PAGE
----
Auditor-General, Daniel Domelevo, has expressed discontent with a decision by the Ministry of Finance to cut his department’s budgetary allocations for 2018.
According to him, contrary to the provisions of the law, the Finance Ministry has failed to approve the relevant budget that will facilitate the work of the Auditor-General’s Department and to fight corruption.
Speaking on Joy FM/Multi TV news analysis show, Newsfile, Saturday, Mr Domelevo noted that one of the effective ways to fight corruption was to follow every public officer to verify assets they have declared.
Article 286 of the 1992 Constitution tasks public office holders to submit their completed Assets Declaration Forms and deliver them to the Auditor-General’s Department.
To be effective, according to Mr Domelevo, there was a need to, in some cases physically verify the assets declared by the public office holders — an exercise that requires a lot of resources that has been denied the Department.
“I after realising these responsibilities I am more than worried, especially when my budget for 2018 has been reduced by the Ministry of Finance illegally. Because the Court ruled that the Ministry of Finance cannot reduce our budget approved by our Board. But this year the Ministry of Finance did the same thing,” he lamented.
He was however quick to add that in ten years his department has received the biggest funding thus far.
Ken Ofori-Atta, Finance Minister
Corruption in public offices has come to the fore this week following allegations that have hit the current New Patriotic Party (NPP) administration.
The latest incident involves a budget of GHC 800, 000 for the construction of a website for the Ministry of Special Development Initiative.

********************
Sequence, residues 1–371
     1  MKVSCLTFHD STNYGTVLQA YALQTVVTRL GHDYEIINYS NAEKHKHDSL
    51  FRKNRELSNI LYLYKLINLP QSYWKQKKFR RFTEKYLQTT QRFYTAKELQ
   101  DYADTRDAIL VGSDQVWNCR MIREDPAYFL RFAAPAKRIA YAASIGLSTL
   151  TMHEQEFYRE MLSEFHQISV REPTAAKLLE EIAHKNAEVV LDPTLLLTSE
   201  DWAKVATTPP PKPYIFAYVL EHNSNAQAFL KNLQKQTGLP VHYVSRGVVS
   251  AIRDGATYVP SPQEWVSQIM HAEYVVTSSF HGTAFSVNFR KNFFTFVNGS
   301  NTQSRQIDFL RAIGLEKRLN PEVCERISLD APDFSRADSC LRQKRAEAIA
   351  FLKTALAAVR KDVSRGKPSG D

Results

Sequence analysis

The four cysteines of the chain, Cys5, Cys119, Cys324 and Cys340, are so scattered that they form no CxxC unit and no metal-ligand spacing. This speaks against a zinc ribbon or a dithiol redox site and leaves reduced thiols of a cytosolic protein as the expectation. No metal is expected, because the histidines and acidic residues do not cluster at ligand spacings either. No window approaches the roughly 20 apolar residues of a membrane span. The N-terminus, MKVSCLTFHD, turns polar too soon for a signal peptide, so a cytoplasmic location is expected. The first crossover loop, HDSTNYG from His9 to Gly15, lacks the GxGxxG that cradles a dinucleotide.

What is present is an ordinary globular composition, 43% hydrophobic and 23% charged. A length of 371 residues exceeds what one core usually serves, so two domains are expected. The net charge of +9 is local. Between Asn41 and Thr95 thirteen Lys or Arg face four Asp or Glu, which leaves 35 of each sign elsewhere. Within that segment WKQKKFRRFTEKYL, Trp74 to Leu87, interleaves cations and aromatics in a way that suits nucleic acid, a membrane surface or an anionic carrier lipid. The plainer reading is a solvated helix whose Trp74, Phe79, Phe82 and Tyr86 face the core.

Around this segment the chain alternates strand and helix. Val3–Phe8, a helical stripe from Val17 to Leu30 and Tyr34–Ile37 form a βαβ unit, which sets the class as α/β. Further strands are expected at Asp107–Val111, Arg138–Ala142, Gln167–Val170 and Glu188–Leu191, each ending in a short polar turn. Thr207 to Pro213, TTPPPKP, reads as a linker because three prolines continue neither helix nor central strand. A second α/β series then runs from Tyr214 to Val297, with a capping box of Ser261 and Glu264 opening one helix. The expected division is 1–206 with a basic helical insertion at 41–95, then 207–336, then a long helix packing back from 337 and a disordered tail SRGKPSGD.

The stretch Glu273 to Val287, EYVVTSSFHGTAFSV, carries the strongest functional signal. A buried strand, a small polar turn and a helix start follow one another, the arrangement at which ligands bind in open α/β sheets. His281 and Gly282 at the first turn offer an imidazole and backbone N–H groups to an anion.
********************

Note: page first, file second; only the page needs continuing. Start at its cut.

Although the Ministry has clarified that an input error recorded GHC 80, 000 as GHC 800, 000, that has not stopped the public uproar over perceived acts of corruption under the current government.
Speaking on Newsfile, Mr Domelevo said as part his outfit’s initiative to win the fight against corruption, there was a plan to put systems in place by January 2018, “so that those who are declaring from now can be a test case for us on how to verify et cetera.”
However, with a cut in the budget, this initiative could be stifled, he suggests.
He acknowledges that the resource challenges, notwithstanding, the Department’s fight against corruption is making significant headways.
“I will not say we are doing poorly. Relatively I think there is an improvement if you take my institution. In fact, if you look at making resources available to the Auditor-General over the past 10 years, this year is actually a better one by far. I salute the Ministry for that. However, we have to do better,” he said.
He also wants an ultimatum to be put on the release of funds to his outfit, just like the law gives an ultimatum for the filing of the report.
“If we don’t do that, it’s like tying our hands at the back and saying go and box,” he said.